I know it is long, but this could effect us too.
High Demand Keeps Suppliers Struggling to Keep Up
The extensive use of carbon-fiber body panels on Cobb Tuning’s WRX helps lessen the car’s weight, keeping it a welterweight track fighter in the time-attack competition’s for which it was built.
Blame it on Boeing. In the last two years, the Seattle aviation giant—along with its European rival Airbus and partners at the Pentagon—has consumed most of the world’s carbon-fiber supply. The severe shortage has caused wholesale prices to triple in some cases, putting the squeeze on specialty-equipment companies that trade in the wonder composite.
Carbon fiber is considered as strong and stiff as steel but one-fifth the weight, making it ideal in structural applications that typically use steel or aluminum. The Pentagon uses carbon fiber for everything from the F-22 fighter to bombs designed to short-circuit electrical systems.
Half or more of the structural material for Boeing’s new 787 Dreamliner and Airbus’s A380 is carbon fiber, which reduces weight and increases fuel efficiency. Boeing said that the Dreamliner, for example, will fly nonstop from London to Sydney.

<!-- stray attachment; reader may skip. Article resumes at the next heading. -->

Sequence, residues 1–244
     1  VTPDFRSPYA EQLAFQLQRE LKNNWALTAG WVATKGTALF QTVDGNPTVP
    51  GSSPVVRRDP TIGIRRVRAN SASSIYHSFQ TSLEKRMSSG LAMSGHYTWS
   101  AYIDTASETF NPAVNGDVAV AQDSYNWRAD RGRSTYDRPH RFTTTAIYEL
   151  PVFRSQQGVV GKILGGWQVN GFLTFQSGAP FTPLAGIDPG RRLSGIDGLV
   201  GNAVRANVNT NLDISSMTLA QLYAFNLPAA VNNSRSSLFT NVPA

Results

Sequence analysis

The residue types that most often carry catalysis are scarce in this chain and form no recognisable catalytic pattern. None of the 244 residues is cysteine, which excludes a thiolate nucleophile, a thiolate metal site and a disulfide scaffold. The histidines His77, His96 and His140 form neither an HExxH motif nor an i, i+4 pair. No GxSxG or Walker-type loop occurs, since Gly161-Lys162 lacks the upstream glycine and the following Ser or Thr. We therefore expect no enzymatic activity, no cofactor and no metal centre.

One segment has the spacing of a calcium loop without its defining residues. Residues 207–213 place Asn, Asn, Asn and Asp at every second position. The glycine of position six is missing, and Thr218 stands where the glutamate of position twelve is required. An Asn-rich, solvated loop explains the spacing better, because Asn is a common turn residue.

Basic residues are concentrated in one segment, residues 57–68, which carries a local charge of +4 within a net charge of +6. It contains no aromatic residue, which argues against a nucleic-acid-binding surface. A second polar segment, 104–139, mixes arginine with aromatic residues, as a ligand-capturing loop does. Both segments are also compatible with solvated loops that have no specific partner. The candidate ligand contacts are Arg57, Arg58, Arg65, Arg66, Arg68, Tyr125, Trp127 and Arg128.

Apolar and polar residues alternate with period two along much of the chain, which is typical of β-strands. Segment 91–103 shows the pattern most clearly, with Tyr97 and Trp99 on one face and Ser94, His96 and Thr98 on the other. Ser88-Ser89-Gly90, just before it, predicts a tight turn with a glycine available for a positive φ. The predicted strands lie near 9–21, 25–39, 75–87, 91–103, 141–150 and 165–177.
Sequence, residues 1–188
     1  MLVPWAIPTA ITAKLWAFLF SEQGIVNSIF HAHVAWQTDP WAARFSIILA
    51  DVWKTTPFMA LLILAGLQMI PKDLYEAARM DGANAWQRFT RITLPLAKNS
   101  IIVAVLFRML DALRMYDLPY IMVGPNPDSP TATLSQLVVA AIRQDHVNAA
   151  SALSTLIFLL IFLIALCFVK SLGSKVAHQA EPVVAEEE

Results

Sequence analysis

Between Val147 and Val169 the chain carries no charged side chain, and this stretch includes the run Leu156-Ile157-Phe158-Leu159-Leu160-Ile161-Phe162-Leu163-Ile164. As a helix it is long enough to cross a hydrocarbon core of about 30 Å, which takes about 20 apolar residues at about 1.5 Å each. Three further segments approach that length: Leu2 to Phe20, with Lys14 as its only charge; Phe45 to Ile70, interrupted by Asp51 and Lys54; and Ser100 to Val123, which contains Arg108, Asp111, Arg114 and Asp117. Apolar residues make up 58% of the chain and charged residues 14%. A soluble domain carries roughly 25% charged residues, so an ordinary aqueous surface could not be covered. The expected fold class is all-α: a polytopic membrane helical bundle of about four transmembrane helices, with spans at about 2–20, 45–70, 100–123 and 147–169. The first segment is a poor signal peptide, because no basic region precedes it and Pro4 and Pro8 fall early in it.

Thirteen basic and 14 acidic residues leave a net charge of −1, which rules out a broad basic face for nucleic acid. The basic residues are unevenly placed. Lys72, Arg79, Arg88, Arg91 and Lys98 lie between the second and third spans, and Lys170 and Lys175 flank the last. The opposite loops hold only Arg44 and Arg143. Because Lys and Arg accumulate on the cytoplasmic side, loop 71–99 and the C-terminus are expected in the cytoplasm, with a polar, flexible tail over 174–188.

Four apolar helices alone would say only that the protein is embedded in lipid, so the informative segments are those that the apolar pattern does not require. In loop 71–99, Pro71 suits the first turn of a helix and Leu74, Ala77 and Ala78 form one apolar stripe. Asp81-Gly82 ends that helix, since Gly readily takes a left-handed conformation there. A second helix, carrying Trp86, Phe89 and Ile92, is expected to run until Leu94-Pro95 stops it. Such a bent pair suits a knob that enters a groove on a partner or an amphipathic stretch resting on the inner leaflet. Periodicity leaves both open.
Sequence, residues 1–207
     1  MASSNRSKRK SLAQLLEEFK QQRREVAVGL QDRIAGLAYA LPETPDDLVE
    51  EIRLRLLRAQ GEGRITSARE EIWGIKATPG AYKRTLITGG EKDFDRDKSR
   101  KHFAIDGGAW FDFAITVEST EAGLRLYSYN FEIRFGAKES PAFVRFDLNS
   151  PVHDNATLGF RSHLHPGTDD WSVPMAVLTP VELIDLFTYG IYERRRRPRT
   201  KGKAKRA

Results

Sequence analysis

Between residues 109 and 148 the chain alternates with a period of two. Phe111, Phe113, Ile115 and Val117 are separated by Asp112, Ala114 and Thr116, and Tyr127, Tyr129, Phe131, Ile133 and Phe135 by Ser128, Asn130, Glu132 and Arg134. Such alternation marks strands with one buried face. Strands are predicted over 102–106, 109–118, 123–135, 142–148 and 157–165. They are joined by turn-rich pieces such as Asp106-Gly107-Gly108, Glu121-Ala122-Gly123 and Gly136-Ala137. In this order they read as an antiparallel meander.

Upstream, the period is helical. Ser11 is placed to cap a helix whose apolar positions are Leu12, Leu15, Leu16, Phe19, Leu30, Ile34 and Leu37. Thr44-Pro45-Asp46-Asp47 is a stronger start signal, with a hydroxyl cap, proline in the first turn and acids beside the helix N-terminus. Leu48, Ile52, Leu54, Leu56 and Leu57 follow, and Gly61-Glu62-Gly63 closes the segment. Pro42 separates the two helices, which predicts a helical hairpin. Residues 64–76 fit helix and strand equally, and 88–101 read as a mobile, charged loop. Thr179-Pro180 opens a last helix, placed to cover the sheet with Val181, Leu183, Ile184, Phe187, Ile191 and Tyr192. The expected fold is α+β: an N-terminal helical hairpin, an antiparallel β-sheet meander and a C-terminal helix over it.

“It’s hard to be competitive now,” said Guillermo Cervantes, sales and marketing manager for Fiber Images, a Southern California company that makes carbon-fiber body panels. “It’s affected a lot of people. Businesses have gone under, and there’s no profit margin now.”
Fiber Images is not alone. Popular producers of body kits and aero parts, including Kaminari and Seibon—and even carbon race car body makers—are forced to deal with the shortage. It’s not just aerospace driving demand, either. Energy applications and high-pressure vessels for compressed-gas storage have fueled further growth, leaving companies that make hoods and trunk lids, as well as golf clubs, mountain bikes, and fishing rods fighting for the pricey scraps.